"You're right on that account." Betty motioned for Doug to toss her some water. He smacked his head at his oversight and returned to the car for bottled water as she continued. "What's more, it's less of a strain on those performing the treatments. We've been terrified of sleeping, afraid we might not wake up when things go wrong. If we can rest more, it's not as stressful and taxing for us even as we treat more people." Doug returned and tossed a single bottle of water to the three waiting people. "Now our biggest limitation is getting the word out if we're unable to preannounce our arrival over the radio."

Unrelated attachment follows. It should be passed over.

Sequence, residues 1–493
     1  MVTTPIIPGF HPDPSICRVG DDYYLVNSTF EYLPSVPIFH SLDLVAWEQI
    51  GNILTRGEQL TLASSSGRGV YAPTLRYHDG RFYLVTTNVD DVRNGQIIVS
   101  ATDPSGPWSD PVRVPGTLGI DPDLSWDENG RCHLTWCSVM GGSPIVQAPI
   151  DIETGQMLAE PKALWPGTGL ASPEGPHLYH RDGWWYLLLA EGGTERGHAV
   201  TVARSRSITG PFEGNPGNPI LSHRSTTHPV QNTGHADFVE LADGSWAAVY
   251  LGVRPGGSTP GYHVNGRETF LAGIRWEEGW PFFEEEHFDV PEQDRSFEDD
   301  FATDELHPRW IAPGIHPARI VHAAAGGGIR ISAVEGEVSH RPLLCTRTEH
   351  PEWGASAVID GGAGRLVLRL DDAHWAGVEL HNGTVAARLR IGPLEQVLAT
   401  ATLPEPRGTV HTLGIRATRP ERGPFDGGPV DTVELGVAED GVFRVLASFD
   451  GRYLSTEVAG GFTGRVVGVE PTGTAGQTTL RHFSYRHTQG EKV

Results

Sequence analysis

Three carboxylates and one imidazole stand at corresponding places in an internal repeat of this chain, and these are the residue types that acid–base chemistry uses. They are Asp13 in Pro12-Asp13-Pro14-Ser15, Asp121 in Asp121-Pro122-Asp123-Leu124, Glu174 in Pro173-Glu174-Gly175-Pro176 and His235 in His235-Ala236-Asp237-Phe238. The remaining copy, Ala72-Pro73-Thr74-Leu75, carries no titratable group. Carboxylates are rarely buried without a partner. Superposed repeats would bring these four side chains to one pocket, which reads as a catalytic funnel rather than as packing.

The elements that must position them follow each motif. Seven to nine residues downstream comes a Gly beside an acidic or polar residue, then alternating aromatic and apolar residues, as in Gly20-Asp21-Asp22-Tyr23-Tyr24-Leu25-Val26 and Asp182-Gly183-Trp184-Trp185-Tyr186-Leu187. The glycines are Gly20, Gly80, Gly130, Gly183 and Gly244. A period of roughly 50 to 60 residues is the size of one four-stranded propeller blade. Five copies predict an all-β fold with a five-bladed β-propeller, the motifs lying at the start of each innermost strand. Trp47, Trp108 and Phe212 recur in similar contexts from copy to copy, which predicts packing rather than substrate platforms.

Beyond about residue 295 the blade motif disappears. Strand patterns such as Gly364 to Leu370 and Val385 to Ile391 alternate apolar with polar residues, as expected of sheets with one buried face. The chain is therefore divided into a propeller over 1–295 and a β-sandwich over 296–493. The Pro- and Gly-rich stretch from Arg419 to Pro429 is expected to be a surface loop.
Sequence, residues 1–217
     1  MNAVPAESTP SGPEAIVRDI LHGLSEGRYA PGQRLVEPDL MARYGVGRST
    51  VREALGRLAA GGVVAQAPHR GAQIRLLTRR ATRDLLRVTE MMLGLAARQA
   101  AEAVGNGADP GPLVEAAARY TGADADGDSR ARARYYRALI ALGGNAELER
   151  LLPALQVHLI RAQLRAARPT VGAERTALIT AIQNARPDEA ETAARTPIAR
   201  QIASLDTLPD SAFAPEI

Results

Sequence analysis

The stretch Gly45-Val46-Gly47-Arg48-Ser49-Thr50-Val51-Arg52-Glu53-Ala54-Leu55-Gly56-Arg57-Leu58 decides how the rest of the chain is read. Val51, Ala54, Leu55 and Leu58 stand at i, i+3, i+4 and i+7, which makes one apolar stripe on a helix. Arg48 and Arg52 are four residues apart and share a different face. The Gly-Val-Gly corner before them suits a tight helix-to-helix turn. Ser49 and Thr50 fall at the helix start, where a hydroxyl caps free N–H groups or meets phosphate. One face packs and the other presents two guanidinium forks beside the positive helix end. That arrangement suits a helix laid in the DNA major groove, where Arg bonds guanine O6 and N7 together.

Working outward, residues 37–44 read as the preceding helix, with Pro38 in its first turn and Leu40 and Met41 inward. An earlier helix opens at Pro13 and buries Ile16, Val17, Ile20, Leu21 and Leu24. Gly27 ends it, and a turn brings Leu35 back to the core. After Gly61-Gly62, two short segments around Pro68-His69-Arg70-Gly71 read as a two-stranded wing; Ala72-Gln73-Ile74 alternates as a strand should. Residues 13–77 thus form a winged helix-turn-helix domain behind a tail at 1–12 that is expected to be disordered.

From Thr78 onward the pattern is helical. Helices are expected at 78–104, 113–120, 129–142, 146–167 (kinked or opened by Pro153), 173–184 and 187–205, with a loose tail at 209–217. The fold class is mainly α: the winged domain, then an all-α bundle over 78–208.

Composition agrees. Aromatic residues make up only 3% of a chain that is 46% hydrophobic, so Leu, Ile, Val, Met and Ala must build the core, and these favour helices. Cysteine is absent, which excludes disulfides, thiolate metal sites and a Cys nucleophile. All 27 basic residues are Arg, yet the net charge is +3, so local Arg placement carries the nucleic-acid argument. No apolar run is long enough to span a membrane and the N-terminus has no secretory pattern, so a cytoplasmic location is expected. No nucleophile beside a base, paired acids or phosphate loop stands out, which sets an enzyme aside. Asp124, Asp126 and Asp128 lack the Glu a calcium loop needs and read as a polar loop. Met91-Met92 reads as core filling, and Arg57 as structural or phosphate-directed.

"Ah, that's where we ride to the rescue," Doug announced with a big smile. "I planned to search for usable solar panels to provide sustainable electricity. But given your communication problems, Tony and I decided to set up limited broadcasting instead. Tony has a background in electronics and radio transmissions. We visited the various stations around the city. By collecting the useable parts from each, we cobbled together a workable radio. Since it'll take more than a few solar panels' energy, you'll have to help us fill the broadcast center's backup generator with fuel. Once that's done, we can transmit a short message several times a day, which should easily reach as far as Chicago."
"Damn, that is good news," Betty answered, smiling as broadly as Doug. "That was my biggest worry: circumnavigating Chicago searching for enough survivors to treat. If we can alert the locals before I arrive, we can make faster progress before winter arrives."